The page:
Anticipate on the interactions between pedestrians and self-driving vehicles

Science topics June 2017 InnovationTransportRoad safetyHuman behaviour

By Aurélie Dommes, researcher in cognitive psychology and Jean-Michel Auberlet, researcher in artificial intelligence
COSYS Department, LEPSIS Laboratory

Recent technological breakthroughs will soon turn delegated driving, so-called autonomous, vehicles into full-fledged players in the French road traffic landscape and across other industrialised countries.

These sensor-packed vehicles will amongst other things be capable of detecting the presence of a pedestrian at some distance and their algorithms will compute the engine controls required for any appropriate action (braking, deceleration, pulling out, etc.). These technological and scientific advances should therefore make it possible to reduce the number of accidents involving pedestrians through safer interactions. Self-driving vehicles could indeed make up for human mistakes, whether drivers or pedestrians.


Behaviours and reactions yet to identify

Beyond the heavy technical constraints (e.g. sensors detection capacities, predictability, robustness and flexibility of the algorithms, etc.), this objective may only be achieved if self-driving vehicles and pedestrians can live and interact together in all safety.

Credits the_lightwriter for EpicturaUnfortunately, we are still lacking knowledge, be it only experimental, on the way pedestrians could behave in front of a self-driving vehicle. The question is particularly acute in situations of street-crossing, a key moment of these interactions and with the highest risk. Indeed, as the pedestrians are positioned on the roadway, or intending to do so, they are potentially in an imminent situation of collision with an approaching vehicle. Some work has been conducted abroad (e.g. Rothenbücher et al., 2016), but not yet sufficient to draw solid conclusions as to specific pedestrian behaviours (imprudent, more prudent, etc.).


Technologies to anticipate the pedestrian’s intentions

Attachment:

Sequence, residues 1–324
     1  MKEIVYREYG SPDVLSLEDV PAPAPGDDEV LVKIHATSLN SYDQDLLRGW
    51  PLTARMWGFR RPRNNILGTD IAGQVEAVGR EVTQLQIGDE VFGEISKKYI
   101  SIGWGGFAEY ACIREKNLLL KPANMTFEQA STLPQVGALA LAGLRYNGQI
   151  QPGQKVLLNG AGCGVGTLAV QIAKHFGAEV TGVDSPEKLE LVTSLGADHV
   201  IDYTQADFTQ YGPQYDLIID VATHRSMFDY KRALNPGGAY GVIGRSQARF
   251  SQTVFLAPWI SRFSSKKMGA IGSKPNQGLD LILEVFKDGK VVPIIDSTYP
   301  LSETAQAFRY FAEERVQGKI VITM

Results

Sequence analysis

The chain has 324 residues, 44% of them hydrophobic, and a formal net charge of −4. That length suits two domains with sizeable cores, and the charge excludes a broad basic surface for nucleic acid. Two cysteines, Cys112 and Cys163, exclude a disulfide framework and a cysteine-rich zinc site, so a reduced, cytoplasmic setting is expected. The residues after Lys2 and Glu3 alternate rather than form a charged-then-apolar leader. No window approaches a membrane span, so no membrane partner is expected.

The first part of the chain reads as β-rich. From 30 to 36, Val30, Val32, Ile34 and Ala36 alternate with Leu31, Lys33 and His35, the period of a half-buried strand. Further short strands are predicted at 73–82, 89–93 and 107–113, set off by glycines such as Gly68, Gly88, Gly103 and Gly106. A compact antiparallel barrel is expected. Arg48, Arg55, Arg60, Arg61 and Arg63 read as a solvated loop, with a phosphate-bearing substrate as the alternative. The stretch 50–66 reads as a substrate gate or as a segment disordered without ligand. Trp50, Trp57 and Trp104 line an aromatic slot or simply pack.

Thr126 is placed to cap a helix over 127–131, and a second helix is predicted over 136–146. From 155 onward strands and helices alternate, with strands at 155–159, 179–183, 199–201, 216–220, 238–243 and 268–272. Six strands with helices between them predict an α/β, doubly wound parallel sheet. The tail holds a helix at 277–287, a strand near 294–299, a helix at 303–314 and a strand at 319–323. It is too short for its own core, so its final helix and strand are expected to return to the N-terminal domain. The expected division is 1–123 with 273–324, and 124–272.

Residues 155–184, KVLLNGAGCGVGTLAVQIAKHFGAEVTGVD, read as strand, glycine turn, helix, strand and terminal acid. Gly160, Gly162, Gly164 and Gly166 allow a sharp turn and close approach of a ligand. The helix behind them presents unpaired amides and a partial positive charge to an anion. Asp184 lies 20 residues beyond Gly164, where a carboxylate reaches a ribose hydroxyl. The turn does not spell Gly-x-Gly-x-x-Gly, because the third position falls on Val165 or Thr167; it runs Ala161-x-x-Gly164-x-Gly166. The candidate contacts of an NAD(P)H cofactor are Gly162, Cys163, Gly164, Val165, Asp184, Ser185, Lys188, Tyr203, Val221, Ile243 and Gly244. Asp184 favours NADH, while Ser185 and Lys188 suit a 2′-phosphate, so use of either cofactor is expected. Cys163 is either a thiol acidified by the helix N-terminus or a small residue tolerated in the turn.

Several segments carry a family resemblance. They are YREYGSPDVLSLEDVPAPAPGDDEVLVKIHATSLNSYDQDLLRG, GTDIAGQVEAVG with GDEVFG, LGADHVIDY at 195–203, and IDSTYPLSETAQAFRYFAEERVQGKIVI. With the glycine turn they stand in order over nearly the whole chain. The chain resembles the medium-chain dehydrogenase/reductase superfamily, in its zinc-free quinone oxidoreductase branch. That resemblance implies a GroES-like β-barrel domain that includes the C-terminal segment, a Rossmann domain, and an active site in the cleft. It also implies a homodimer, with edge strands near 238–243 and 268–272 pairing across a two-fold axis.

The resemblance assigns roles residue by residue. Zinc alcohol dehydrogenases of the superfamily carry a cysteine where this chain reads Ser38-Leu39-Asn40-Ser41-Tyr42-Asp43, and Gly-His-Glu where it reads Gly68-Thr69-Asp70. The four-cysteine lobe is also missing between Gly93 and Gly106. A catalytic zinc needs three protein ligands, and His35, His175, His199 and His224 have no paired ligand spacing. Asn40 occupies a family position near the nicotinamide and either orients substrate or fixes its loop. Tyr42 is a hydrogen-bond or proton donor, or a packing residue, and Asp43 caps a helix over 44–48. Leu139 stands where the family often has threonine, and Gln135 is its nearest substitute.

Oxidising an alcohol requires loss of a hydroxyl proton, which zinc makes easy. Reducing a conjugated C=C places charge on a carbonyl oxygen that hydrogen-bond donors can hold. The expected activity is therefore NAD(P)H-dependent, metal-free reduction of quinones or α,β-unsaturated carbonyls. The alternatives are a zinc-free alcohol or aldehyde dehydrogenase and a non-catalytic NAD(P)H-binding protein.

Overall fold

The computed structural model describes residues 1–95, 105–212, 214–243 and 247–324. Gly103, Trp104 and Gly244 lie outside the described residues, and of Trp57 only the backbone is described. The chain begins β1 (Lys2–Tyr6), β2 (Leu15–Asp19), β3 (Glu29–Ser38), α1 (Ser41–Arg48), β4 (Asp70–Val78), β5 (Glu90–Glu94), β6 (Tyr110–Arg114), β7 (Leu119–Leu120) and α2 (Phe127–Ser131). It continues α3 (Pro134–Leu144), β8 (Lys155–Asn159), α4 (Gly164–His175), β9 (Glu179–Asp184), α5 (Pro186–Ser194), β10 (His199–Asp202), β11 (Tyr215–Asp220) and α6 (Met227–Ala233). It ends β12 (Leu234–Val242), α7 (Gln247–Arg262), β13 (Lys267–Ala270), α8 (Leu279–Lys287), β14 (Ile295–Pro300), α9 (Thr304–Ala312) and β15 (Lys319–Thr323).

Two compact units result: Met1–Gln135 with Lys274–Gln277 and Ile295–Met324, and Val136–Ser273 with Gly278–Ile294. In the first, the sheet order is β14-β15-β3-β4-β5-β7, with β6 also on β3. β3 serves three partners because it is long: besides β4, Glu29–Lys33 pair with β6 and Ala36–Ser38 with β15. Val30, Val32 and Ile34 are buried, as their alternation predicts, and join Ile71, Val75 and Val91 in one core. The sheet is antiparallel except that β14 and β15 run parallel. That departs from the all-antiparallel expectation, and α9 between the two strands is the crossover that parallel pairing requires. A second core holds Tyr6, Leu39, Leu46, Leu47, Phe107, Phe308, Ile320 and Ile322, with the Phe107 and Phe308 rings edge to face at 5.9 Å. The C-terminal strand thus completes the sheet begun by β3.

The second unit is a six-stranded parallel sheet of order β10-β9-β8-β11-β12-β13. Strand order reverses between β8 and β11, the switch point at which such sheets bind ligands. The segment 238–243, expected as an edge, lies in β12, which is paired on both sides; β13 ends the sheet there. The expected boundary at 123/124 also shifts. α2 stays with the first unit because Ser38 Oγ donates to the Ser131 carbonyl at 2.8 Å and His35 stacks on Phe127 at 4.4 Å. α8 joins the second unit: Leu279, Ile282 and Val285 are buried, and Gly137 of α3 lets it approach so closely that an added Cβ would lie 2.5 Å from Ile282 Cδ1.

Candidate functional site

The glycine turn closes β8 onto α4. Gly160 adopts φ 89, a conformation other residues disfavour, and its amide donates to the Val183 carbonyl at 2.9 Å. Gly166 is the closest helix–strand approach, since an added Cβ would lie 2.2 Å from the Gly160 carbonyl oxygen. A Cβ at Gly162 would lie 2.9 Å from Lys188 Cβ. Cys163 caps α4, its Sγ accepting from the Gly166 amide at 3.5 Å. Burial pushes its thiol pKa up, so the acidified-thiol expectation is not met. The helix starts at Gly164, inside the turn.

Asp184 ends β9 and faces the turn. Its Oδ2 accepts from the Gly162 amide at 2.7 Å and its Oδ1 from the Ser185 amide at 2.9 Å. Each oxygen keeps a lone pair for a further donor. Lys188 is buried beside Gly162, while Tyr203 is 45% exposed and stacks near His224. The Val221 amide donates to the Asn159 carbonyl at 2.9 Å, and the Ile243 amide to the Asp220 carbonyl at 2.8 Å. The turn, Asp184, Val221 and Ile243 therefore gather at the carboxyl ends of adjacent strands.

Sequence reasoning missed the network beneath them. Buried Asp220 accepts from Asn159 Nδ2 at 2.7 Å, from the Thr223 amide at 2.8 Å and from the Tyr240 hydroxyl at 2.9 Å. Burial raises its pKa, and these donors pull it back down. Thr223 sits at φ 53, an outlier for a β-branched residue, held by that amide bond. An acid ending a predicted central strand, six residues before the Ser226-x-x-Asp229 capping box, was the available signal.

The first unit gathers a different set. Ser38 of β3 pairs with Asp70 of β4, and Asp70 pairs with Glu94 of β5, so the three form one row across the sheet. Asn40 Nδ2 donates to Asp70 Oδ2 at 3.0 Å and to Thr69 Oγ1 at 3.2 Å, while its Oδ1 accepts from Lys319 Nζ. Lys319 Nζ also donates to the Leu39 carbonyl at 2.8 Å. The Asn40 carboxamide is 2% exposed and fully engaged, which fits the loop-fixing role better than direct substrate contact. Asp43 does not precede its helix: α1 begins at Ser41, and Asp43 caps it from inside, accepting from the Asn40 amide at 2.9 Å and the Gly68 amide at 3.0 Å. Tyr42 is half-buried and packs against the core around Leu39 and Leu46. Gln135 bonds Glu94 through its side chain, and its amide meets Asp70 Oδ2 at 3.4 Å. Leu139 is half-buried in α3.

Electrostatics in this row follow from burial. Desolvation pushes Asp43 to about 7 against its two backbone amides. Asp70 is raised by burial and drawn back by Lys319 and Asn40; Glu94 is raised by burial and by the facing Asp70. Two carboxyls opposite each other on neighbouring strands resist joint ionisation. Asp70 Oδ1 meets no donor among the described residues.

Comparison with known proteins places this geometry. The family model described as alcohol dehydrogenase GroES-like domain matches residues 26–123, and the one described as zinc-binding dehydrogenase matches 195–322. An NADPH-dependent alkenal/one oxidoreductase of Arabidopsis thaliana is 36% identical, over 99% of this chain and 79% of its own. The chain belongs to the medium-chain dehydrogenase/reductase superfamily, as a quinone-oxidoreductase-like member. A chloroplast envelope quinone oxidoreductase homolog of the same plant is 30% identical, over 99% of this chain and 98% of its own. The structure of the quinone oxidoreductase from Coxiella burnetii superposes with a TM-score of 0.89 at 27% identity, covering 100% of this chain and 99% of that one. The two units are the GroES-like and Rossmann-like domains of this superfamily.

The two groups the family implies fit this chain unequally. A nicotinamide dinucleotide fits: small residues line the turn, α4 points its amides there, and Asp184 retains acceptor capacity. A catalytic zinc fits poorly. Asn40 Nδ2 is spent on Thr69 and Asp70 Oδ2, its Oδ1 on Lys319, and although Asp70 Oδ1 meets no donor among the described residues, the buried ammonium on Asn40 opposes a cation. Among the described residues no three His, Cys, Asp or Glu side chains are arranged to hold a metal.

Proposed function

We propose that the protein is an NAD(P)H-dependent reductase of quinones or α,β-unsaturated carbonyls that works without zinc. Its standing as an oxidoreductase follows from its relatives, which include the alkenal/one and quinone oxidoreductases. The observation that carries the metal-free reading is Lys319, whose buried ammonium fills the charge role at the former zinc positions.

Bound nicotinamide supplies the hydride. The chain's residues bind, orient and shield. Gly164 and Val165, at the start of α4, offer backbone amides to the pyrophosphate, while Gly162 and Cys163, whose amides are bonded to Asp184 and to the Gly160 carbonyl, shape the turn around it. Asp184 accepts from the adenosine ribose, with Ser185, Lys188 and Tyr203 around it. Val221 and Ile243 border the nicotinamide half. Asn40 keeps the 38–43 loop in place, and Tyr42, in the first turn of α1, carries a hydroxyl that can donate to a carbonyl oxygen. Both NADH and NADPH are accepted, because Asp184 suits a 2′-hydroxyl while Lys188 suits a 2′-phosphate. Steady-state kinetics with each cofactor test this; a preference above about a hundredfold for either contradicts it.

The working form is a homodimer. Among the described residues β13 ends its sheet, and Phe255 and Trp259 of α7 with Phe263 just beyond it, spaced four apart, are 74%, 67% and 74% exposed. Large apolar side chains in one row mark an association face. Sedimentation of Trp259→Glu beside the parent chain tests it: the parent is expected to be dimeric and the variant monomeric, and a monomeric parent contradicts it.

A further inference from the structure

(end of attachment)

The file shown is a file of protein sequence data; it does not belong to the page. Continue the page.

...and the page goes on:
Another challenge to tackle is the capacity of sensors and algorithms of the autonomous vehicle to detect a pedestrian’s intention to cross the street. More precisely, the matter is to know the criteria and variables to be used in determining whether the pedestrian imminently intends to cross the street while at the same time taking into account the applicable highway code in France (art R415-111) “Any driver shall give way, if needed by halting the vehicle, to a pedestrian proceeding to cross a roadway, as authorized, or clearly indicating his/her intention to do so, or moving about in a pedestrian zone or meeting area”.


Studies liable to be conducted in virtual environment

Thanks to the developments of simulators Street-crossing simulator developed by Ifsttar - Credits Ifsttarand populated environments such as LEPSIS, virtual reality may help addressing, at least partly, the challenges related to the integration of self-driving vehicles into road traffic. It would thus be possible to place a pedestrian subject in an environment populated by non-playing characters (NPCs) and self-driving vehicles. In order to start answering some of these questions about the prediction of pedestrians intentions and behaviours vis-à-vis self-driving vehicles, a joint study by Ifsttar (LEPSIS and LBMC2) and Institut Vedecom is currently underway on a large-scale street-crossing simulator.

1. Article R415-11 of the French highway code
2.The Biomechanics and Impact Mechanics Laboratory (LBMC UMR_T9406) is a joint research unit between IFSTTAR (Institut Français des Sciences et Technologies des Transports de lAménagement et des Réseaux) and Université Claude Bernard Lyon 1 (first French university in medical sciences).



Further readings ...

  • Rothenbucher, D., Li, J., Sirkin, D., Mok, B., & Ju, W. (2016). Ghost driver: A field study investigating the interaction between pedestrians and driverless vehicles. In 2016 25th IEEE International Symposium on Robot and Human Interactive Communication (RO-MAN) (pp. 795–802).